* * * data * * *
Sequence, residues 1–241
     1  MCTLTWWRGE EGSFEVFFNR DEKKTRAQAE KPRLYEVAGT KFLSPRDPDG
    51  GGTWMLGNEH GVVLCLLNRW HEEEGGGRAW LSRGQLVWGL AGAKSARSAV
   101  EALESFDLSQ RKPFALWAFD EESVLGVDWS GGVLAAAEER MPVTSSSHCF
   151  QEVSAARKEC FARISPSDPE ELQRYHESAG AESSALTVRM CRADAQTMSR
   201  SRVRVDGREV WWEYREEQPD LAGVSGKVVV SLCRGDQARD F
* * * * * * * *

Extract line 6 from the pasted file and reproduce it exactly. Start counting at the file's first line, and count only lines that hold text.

   201  SRVRVDGREV WWEYREEQPD LAGVSGKVVV SLCRGDQARD F